Download all of the book's sample code from <www.perlmedic.com>.
Perl or perl? Obtaining Perl. Historical Perl. Who This Book Is For. Typographical Conventions. For Further Reference. Perl Versions. Perl 6. Acknowledgments.
1. Introduction (First Response).
First Things First. Reasons for Inheritance. What Next? Observe the Program in Its Natural Habitat. Get Personal. Strictness. Warnings.
2. Surveying the Scene.
Versions. Part or Whole? Find the Dependencies.
3. Test Now, Test Forever (Diagnosis).
Testing Your Patience. Extreme Testing. An Example Using Test: Modules. Testing Legacy Code. A Final Encouragement.
4. Rewriting (Transplants).
Strategizing. Why Are You Doing This? Style. Comments. Restyling. Variable Renaming. Editing. Line Editing. Antipatterns. Evolution.
5. The Disciplined Perl Program.
Package Variables vs Lexical Variables. Warnings and Strictness. use strict in Detail. use warnings in Detail. Selective Disabling. Caveat Programmer. Perl Poetry.
6. Restructuring (The Operating Table).
Keep It Brief. Cargo Cult Perl. Escaping the Global Variable Trap. Debugging Strategies.
7. Upgrading (Plastic Surgery).
Strategies. Perl 4. Perl 5.000. Perl 5.001. Perl 5.002. Perl 5.003. Perl 5.004. Perl 5.005. Perl 5.6.0. Perl 5.6.1. Perl 5.8.0. Perl 5.8.1. Perl 5.8.2. Perl 5.8.3.
8. Using Modules (Genetic Enhancement).
The Case for CPAN. Using CPAN. Improving Code with Modules. Custom Perls.
9. Analysis (Forensic Pathology).
Static Analysis. Eliminating Superfluous Code. Finding Inefficient Code. Debugging.
10. Increasing Maintainability (Prophylaxis).
Making It Robust. Advanced Brevity. Documentation. Custom Warnings. Version Control System Integration.
11. A Case Study.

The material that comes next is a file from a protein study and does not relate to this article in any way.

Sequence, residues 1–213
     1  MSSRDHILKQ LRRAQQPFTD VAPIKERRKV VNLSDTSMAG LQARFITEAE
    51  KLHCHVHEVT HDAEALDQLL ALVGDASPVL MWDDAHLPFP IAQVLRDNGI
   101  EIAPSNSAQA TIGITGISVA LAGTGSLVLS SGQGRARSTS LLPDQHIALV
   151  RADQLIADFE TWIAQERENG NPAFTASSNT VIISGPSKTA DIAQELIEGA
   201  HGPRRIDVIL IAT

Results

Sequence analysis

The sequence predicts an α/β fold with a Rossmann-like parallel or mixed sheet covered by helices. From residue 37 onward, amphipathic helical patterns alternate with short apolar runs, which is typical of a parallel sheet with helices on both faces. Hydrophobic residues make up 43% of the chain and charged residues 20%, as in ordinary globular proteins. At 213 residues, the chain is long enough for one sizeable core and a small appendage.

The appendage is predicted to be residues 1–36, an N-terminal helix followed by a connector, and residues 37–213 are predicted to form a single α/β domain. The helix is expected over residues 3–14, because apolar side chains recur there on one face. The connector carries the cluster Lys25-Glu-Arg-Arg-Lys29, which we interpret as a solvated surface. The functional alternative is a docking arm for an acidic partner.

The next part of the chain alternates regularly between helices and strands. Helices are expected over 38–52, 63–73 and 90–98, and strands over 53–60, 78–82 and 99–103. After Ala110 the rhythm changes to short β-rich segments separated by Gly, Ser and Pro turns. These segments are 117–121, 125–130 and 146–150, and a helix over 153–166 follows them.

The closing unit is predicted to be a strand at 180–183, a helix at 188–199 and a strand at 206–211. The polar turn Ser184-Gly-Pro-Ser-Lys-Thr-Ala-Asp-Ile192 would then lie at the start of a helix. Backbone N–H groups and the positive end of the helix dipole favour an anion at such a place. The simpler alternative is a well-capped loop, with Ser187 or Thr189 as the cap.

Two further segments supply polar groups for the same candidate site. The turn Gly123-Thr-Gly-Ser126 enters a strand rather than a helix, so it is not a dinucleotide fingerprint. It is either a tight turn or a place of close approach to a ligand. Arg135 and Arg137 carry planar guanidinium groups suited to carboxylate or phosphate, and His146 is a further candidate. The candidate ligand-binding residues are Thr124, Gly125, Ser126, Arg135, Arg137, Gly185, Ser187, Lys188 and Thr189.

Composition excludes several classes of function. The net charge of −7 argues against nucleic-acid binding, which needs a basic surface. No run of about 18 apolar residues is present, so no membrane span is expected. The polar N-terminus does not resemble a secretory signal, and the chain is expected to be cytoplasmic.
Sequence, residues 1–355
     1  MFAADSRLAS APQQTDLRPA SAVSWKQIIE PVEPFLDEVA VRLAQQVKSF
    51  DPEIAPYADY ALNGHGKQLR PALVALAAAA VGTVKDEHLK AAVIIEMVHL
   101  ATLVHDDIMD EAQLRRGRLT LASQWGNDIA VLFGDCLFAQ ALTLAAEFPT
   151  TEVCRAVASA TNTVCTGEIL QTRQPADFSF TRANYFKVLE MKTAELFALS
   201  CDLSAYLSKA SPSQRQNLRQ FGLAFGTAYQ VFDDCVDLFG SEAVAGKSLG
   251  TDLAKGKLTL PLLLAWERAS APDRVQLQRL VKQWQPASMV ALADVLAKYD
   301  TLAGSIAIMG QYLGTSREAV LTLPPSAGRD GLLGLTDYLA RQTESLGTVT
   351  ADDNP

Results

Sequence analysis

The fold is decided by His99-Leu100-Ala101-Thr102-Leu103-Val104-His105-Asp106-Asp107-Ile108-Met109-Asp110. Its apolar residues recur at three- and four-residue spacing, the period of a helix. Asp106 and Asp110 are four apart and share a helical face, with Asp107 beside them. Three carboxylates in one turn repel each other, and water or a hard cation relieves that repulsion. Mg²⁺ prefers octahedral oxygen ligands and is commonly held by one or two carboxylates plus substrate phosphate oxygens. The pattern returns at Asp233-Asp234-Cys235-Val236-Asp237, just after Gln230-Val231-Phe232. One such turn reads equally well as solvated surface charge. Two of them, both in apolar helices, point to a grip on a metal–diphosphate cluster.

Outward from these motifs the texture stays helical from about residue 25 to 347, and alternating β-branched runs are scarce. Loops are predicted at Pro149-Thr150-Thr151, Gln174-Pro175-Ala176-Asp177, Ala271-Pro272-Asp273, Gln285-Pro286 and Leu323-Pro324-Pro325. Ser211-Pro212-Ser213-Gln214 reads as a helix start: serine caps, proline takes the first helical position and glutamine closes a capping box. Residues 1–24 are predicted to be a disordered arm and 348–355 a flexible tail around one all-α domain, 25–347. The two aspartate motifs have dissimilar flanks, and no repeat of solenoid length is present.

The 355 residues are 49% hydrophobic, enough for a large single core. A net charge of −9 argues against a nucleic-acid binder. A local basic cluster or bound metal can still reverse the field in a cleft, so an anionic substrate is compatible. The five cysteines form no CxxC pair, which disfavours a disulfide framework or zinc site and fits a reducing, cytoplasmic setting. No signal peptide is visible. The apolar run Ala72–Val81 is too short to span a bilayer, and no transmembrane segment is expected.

The Setup. Triage. Desperately Seeking Sanity. Coming into the 21st Century. Incorporating Modules Effectively, Part 1. Incorporating Modules Effectively, Part 2. Making It Mature, Part 1. Making It Mature, Part 2. Making It Mature, Part 3. Advanced Modification.
12. Conclusion (Prognosis).
In Conclusion. Perl People. A Final Thought.
Appendix: Source Code.
Tie::Array::Bounded. Benchmark::TimeTick. smallprofpp.
About the Author.
The first book to explain how to understand, maintain, update, and improve existing Perl code
° Perl is especially susceptible to maintenance problems, because of its flexible style and ad hoc origins
° Author uses a medical theme throughout, playing off the similarities of doctoring or healing broken code
° Contains the most comprehensive treatment of testing Perl programs ever published, as well as the most comprehensive discussion of Perl version differences
PETER J. SCOTT runs Pacific Systems Design Technologies, providing Perl training, application development, and enterprise systems analysis. He was a speaker on the 2002 Perl Whirl cruise and at YAPC::Canada, and he founded his local Perl Monger group. A software developer since 1981 and a Perl developer since 1992, he has also created programs for NASA's Jet Propulsion Laboratory. Scott graduated from Cambridge University, England, with a Master's of Arts Degree in Computer Science and now lives in the Pacific Northwest with his wife Grace, a cat, and a parrot, at least one of which also uses Perl. He is the lead author of Perl Debugged.